Mommy Dearest: An Interview With Robert Melee

12/08/2014 02:53 pm ET Updated Dec 06, 2017

To achieve harmony in bad taste is the height of elegance." Jean Genet

When I told Robert Melee to choose whatever "Mommy" video he wanted to include in Mama's Boy, a group exhibition I curated for White Columns in 2003, I knew he'd pick the most provocative example. High Life, 2002, opens with a scene of his mom, Rose, clad only in stockings, drag make-up, and a cheap wig, running down a dark street. Shot through a car window, the classical music that accompanies her night time jog underscores the work's absurdist tone.

Soon, the video cuts to a real-time documentation of Rose guzzling a 40-ounce bottle of Miller High Life. Amidst offstage giggles and minute adjustments to the bare bones set in which she sits, Melee impatiently prompts "Mommy" to finish her beer. Rose obediently struggles to chug it down, and in the work's denouement, pisses it all back into the bottle. Crouched awkwardly over the toilet, she grimaces and wipes away streaks of errant make-up, inviting us to bear witness to her abject feat.

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Robert Melee, High Life, 2002. Courtesy of Andrew Kreps Gallery

Naturally, Melee's campy twist on the hackneyed trope of the dutiful son led some to mistake its derelict humor for exploitation, disregarding - or unaware of - the strong connection between he and his mother. But for anyone looking closely, and more significantly, across the many works they've made together since the mid-1990s, the intimate negotiations that underscore their collaborative productions is undeniable, and the therapeutic value of such endeavors quite real.

Melee alludes to the latter in a recent interview for Vice magazine where he shares how Rose regularly asked for forgiveness during the protracted makeup and costume sessions that preceded each shoot. Rose, who wrestled with the demons of a very dark past, did her best, if nonetheless failing in conventional ways, to be a responsible mom. And through his work, the artist has found forgiveness as he and Rose were able to forge a deeper bond based on a shared love of dress-up, fantasy, and play. High Life, in fact, is one of the last videos they made together, marking in a way a symbolic threshold whereby whatever penance was sought was cathartically released -- right along with the piss.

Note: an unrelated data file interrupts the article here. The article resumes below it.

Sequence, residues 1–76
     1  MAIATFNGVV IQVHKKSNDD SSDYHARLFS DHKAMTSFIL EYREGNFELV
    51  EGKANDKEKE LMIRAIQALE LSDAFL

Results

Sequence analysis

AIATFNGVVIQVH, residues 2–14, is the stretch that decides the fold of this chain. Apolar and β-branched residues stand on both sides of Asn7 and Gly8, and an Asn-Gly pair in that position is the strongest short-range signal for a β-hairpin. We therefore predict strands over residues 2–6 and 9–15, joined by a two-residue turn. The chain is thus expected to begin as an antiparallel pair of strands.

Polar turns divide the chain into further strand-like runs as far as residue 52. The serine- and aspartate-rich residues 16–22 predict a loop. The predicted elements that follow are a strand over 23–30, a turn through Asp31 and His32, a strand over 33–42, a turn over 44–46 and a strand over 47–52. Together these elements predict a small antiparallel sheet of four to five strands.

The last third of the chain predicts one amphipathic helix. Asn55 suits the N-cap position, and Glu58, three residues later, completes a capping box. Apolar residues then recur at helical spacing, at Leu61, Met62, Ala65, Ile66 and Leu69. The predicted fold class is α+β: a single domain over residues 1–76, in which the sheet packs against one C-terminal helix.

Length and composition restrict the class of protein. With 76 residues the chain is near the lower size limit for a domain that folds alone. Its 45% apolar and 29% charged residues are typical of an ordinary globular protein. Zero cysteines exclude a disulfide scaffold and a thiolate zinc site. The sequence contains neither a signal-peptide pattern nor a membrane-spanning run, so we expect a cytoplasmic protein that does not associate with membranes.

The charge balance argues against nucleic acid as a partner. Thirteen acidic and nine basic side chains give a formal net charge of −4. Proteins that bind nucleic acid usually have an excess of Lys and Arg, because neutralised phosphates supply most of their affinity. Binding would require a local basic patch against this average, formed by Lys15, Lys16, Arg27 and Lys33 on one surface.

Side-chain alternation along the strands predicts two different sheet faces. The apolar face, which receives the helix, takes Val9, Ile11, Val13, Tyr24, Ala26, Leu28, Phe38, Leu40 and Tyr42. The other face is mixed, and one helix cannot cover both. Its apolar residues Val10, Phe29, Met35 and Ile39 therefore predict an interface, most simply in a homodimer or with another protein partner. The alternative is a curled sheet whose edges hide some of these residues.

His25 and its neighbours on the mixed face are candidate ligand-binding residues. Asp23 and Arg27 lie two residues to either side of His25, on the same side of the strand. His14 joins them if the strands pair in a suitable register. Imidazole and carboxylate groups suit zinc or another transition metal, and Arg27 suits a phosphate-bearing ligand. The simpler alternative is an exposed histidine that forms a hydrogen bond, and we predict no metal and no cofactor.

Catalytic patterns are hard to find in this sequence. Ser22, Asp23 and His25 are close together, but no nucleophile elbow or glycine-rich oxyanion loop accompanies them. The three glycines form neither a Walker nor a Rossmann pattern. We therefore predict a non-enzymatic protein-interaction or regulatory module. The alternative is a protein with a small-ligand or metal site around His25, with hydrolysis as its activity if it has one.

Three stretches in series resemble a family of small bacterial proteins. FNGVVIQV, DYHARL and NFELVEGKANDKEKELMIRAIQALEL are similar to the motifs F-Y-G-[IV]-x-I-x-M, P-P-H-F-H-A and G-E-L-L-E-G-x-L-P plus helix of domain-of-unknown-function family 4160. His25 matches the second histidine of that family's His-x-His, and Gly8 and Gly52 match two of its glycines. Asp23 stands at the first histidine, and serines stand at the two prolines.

In satirizing the dark and complex relations that lurk beneath most pantomimes of familial bliss, Melee's home movies of Rose take on a deliberately tragicomic form. So too, like the sculptural and installation works in which they were initially ensconced - baroque, acid-hued environments featuring faux marbleized walls and consoles; paint- striped shower curtains; abstract bottle cap paintings; figural statues thickly layered in skeins of dripped paint - they queer notions of domesticity by blurring the line between high art and kitsch. The artist has even created a term for this is, Baloneyism, referencing the aesthetics of suburban dysfunction as well as the ability to transform the common and ordinary into "a strange glamour and ridiculous beauty".

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His Curtain, 2008, enamel, plaster, canvas on fiberglass and wood. Courtesy of Andrew Kreps Gallery

Melee's recent exhibition, A Dozen Roses, 2014, at New York's Higher Pictures, reveals this well in a series of still photographs of Rose shot in tandem with the videos (and most titled after them). One can see the same abject humor that animates the videos in these images, and how it gives way over time to a more ethereal Rose.

Facelift, 1997, for example, like its eponymous video, reveals an early period of collaboration when hyperbolic drag-inspired caricatures prevailed. In it, we see Melee and Rose framed by a bright yellow ground, the former straddling the latter as he presses a piece of plexiglass against her face. In contrast to the bedraggled Rose in the video, who wears a violet nightgown and dark tangled wig, here she dons a gold dress. As in the video, the plexiglass edges disappear into a kaleidoscope of make-up smears and reflections of light.